A Machine Learning for Mobile Health workshop, part of the upcoming Neural Information Processing Systems Conference (NeurIPS 2020), is inviting contributions and extended abstracts from researchers and clinicians in the interdisciplinary machine learning and mobile health space, with the goal to better address the various challenges currently facing the widespread use of mobile health technologies in health and healthcare. Co-organized by Duke Statistical Science assistant professor Katherine Heller, PhD who is also a research scientist at Google AI, the workshop aims to facilitate collaboration between machine learning researchers, statisticians, mobile sensing researchers, human-computer interaction researchers, and clinicians from around the world.
Seven Duke +DS learning experiences will be held in September. These sessions offer the opportunity to dive deeper into topics and target diverse units at Duke: from those that desire a broad understanding of what is possible with data science, and those who wish to use data-science tools (software) without a need for deep understanding of underlying methodology, to those who desire a rigorous technical proficiency of the details and methodology of data science. Anyone in the Duke community is welcome to join, there is no fee to attend, and no prior experience is necessary.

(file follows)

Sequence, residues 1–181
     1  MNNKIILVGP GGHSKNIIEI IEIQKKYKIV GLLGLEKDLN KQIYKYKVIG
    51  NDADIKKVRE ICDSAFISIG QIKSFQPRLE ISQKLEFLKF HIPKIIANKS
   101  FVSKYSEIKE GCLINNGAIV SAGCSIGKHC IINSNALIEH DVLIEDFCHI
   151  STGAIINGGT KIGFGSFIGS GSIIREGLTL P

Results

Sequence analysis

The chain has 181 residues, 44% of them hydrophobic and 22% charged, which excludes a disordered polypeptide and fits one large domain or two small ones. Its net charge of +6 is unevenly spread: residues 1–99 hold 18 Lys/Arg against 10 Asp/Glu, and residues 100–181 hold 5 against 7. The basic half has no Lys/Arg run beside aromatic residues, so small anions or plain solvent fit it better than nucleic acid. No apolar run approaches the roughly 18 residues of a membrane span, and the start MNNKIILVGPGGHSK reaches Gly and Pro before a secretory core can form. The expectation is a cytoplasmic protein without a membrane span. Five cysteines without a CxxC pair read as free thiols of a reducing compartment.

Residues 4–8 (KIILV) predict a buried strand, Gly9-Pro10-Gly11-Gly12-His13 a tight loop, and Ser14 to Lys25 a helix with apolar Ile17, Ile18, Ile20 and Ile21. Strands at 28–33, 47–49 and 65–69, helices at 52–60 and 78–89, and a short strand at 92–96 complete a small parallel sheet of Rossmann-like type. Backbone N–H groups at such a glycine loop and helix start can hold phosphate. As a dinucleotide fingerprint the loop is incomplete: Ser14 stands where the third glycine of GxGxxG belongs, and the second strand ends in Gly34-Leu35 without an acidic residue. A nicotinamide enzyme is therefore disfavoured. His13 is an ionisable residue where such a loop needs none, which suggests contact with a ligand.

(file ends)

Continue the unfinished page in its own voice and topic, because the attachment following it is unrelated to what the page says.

Across the world and in the United States, multiple studies have shown that social distancing is effective at reducing the spread of SARS-CoV-2 both at interpersonal and statewide levels. An early analysis of social distancing in the United States amid the COVID-19 pandemic, presented at this year’s Duke American Statistical Association (ASA) DataFest: COVID-19 Virtual Data Challenge by Duke undergraduates Shannon Houser and Jack Lichtenstein, echoed those findings and won the “Best Visualizations” prize at the contest. Using data available from Google Mobility Reports, the duo explored how factors such as population density, initial number of positive coronavirus cases per capita, governor’s political affiliation, and official shelter-in-place orders influenced the magnitude of a state’s social distancing early during the COVID-19 pandemic.
Aside from altering the very fabric of daily life across the United States and the world, the COVID-19 pandemic has exposed the many existing shortcomings and inequities of the American healthcare system. The burgeoning public health crisis has resulted in more than 5 million confirmed cases nationwide and close to 163,000 deaths as of the beginning of August. However, some communities and groups have been disproportionately impacted, as a prize-winning analysis by Duke’s Meredith Brown, Matt Feder, and Pouya Mohammadi, presented at this year’s Duke American Statistical Association (ASA) DataFest: COVID-19 Virtual Data Challenge.